Home singapore They learnt to make things during the pandemic. Now these crafters are turning their side hustles into serious business

They learnt to make things during the pandemic. Now these crafters are turning their side hustles into serious business

They learnt to make things during the pandemic. Now these crafters are turning their side hustles into serious business
There has been a rise in small businesses born of passion projects and skills picked up during the pandemic Some businesses and crafters TODAY spoke to said that retail spaces and makers’ markets offer lower rental and more flexible spaces that support small businesses Having a physical pop-up also brings a “human touch” as customers get to see products and the people who made them

By Nikki Yeo Published October 8, 2023 Updated October 8, 2023 Bookmark Bookmark Share WhatsApp Telegram Facebook Twitter Email LinkedIn

SINGAPORE — She taught herself how to crochet by watching YouTube videos during the Covid-19 circuit breaker period. Now, 22-year-old university student Bernice Lee and her family earn up to S$3,000 a month from selling homemade crocheted items.

Since last year, much of their business for their store called Hourcraft has been from their booth at Curbside Crafters, a retail space in Kampong Glam that rents space to small businesses.

Their 1.4m by 70cm booth table is packed with keychains and cup holders made by Ms Lee’s mother, beaded wares added by her younger sister and trending items like beanies with cat ears contributed by Ms Lee herself. 

Even her 12-year-old brother, who is taking his Primary School Leaving Examination this year, makes crocheted stuffed small creatures for the family business. 

Ms Lee is one of many crafters who have grown hobbies or passions picked up during the pandemic into what is commonly referred to as a “side hustle”, a small business people do alongside their main occupation.   

While Covid-19 has upended many local businesses, some crafters and companies that host small businesses on their platforms told TODAY that the pandemic had also been a boon for those who picked up new skills. 

The pandemic was one reason cited for the downfall of home-grown retailer Naiise by its founder, Dennis Tay. Naiise previously had as many as six physical stores in Singapore and Malaysia featuring products by local artisans and designers, but closed its last Singapore store at Jewel Changi Airport in 2021, following a series of financial troubles and late payments to vendors. 

Mr Kent Teo, the founder and chief executive officer of Invade, a company that runs events such as Artbox and Makers’ Market, said it had a 95 per cent drop in revenue during the pandemic. 

Yet, since Covid-19 restrictions eased, Mr Teo has seen an almost three times increase in the number of makers. He also said that more than half of Invade’s vendors sell more “sophisticated” items or things that are more complicated to make.

He attributed this to increased youth interest in making crafts, especially since many had more time at home with companies adopting work from home arrangements.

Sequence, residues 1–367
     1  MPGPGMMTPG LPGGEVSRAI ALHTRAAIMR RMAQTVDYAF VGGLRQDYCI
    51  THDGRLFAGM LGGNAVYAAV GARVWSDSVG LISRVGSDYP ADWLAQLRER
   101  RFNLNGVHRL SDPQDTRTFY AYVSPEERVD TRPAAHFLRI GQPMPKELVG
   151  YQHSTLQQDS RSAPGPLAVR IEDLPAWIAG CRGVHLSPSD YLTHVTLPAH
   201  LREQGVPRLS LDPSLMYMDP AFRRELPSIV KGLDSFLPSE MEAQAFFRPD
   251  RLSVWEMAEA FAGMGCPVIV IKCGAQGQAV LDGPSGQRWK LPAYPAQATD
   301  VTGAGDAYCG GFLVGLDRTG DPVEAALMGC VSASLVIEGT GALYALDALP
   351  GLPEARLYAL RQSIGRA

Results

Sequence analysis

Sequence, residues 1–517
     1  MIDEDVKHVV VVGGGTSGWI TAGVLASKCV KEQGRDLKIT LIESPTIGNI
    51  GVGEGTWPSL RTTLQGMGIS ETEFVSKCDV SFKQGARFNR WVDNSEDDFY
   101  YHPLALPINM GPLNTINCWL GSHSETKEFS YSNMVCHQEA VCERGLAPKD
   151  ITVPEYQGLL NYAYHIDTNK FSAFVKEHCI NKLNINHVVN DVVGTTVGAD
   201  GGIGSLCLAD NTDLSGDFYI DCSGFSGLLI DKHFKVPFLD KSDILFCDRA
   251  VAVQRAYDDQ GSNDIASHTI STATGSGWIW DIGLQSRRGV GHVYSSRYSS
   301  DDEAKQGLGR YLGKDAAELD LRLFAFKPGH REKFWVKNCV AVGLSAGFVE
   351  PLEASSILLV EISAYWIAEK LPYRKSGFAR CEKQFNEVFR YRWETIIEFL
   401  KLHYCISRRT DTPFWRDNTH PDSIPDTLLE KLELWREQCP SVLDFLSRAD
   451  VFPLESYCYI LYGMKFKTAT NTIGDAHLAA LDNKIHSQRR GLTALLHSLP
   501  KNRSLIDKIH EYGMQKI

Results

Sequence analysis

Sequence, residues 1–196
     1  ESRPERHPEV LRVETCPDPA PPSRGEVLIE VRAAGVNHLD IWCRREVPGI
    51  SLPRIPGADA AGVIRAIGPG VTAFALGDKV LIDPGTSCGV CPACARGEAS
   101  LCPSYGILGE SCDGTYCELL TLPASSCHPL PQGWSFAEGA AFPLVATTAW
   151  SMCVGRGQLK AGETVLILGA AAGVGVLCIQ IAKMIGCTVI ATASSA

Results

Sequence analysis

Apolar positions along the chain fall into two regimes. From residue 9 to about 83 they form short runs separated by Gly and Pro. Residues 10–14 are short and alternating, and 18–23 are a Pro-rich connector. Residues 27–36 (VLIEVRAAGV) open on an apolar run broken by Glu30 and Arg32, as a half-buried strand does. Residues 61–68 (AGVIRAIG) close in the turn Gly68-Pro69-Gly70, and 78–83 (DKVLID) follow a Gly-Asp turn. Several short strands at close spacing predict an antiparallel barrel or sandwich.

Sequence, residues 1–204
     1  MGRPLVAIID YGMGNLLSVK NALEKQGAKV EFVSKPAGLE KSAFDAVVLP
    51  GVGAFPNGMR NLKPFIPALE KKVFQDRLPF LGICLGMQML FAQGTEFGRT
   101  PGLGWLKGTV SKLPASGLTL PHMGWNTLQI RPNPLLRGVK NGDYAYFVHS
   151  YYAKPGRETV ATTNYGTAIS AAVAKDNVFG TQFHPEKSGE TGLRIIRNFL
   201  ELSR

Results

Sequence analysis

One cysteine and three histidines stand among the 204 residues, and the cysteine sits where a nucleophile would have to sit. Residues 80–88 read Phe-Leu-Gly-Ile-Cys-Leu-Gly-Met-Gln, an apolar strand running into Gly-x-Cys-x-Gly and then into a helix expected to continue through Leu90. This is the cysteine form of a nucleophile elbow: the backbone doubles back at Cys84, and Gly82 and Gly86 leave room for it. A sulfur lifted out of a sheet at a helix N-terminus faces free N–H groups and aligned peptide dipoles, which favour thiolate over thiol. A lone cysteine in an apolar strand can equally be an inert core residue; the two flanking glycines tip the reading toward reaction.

Since Crane began in 2019, it has offered co-working spaces for its members, who are mostly entrepreneurs seeking a place to work, run workshops and host events. 

During the pandemic, Ms Meihan Boey who is the events manager of Crane Living, its retail arm, said that many Crane members began to develop their side hustles much more. 

Crane Living currently stocks items from small businesses at its four branches and various pop-up spaces and hosts weekend markets in its spaces.

In addition to spaces such as Curbside Crafters, which opened in 2021, other flea markets and spaces housing a range of small local businesses such as Thryft Weekend Garden and Hikari Space have recently joined the fold.

This weekend (Oct 7-8), Public Garden, a consumer trade show first held in 2011, returned to Suntec City Convention Hall, featuring independent brands from Singapore and around the world.


But why don’t these small businesses simply operate online? Crafters believe that having a physical space enables a “human touch”, allowing more people to see their products. 

“On Instagram, it’s very hard to get organic customers as the algorithm is hard to predict. In person, there will be passersby. If we were just online, we’ll miss out on so many other customers and opportunities that could be here,” said Ms Lee from Hourcraft. 

For Ms Suliah Jamal, who owns a hand-blended oil and scented sprays business Suerinity, having an in-person front at Curbside Crafters for her products is essential, as customers are able to smell the scents and personally try the oils on their skin.  

“When you’re there in person, you can engage in small talk, and when you introduce your product, people might buy more instead of one,” she said.

“Even if they don’t buy, some stop by my booth to talk, and I love to share my experience and my learning process.”

Customers can directly interact with makers and even get a chance to have a product customised for them, said Ms Ashley Sim, a marketing associate at Curbside Crafters.

“It’s the human touch and service that is also special,” said Ms Sim.